where, D: distance; P: probability; F: Face class; N: Non-Face class; i, j: position index; I(i), I(j): pixel intensity at position i, j; M: the number of different intensity values a pixel can take. D(i,j) is non-negative and D(i,j)=0 if and only if the two conditional probabilities functions are the same. Other conditional relative entropy such as Jeffrey's divergence may also be used.

A distance image 38 representing the result of solving for distance D for all pixel combinations for a 16×14 image is shown in FIG. 5. Every point on the distance image 38 represents a D value for a pair of pixels. The D value is larger in the whiter region. Then every row of D is transformed into a 16×14 block (or box) (since each row has 224 D's) to form an image 40 in FIG. 6. The image 40 has 16×14 of 16×14 blocks (or boxes) transformed from each row of the image in FIG. 5. In other words, FIG. 6 has 14 rows of 16×14 blocks and 16 columns of 16×14. Each rows in the image 38 make up 1 row of 16×14 blocks in the image 40.

The image 40 approximates a face where the two areas 42 represent the eye region and the two areas 44 represent the cheek region. Since the larger D values reside in the eye and the cheek regions as shown in FIG. 6, the top or best N largest D values are selected from these regions to form a collection of good discriminating pixel pairs (block 20). How large the N values should be depends on the requirement on the trade-off between the detection rate and false alarm rate. The top distance (D) values and the corresponding N pairs of pixels, i.e., the positions of the N pairs, together with the pair-wise conditional distributions or histograms from the face images and non-face images are stored (block 22) to be used in the testing stage.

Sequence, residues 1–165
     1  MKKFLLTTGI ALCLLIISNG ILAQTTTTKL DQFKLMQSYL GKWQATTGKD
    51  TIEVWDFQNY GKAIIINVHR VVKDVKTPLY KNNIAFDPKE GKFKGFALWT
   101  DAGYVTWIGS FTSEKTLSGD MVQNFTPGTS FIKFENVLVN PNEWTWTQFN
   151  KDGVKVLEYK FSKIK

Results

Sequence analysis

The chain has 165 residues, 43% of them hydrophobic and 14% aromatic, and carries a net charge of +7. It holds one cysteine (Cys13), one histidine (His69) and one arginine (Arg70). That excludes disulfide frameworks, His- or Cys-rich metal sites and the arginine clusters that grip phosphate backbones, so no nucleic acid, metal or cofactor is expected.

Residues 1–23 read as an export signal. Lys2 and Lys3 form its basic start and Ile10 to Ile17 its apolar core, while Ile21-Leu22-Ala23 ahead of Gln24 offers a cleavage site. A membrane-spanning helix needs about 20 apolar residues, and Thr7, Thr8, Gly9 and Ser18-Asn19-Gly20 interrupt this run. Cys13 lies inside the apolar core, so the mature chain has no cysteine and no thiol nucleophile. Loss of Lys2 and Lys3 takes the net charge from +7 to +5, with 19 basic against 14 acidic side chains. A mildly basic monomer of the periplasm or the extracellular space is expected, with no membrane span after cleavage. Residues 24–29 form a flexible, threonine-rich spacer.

Turning to FIG. 7, the testing stage 12 is now described in more detail. The images considered up to this point have been very small 16×14, for example. The data that is obtained in the training stage 10 is with respect to 16×14 images. However, an image in a typical photograph, for example, is much bigger. Therefore, an image to be analyzed requires downsizing to a smaller scale. For example, a photograph that is 4×8 inches might be approximately 640×480 pixels, and a face within the picture might be approximately 100×100 pixels. Therefore, the 100×100 face requires downsizing to a 16×14 image to correspond with the data obtained in the training stage 10. In accordance with one embodiment of the present invention, downsizing is performed through Gausian pyramid of images (block 46). An example of a Gausian pyramid of images is shown in FIG. 8. An image 58 that is 640×480 might be downsized initially to an image 60 that is 453×339. Then in the next stage the 453×339 image 60 might be downsized to a 320×240 image 62. In other words, the image is reduced each time by a factor of the square root of two until the image is downsized to a 16×14 image 64.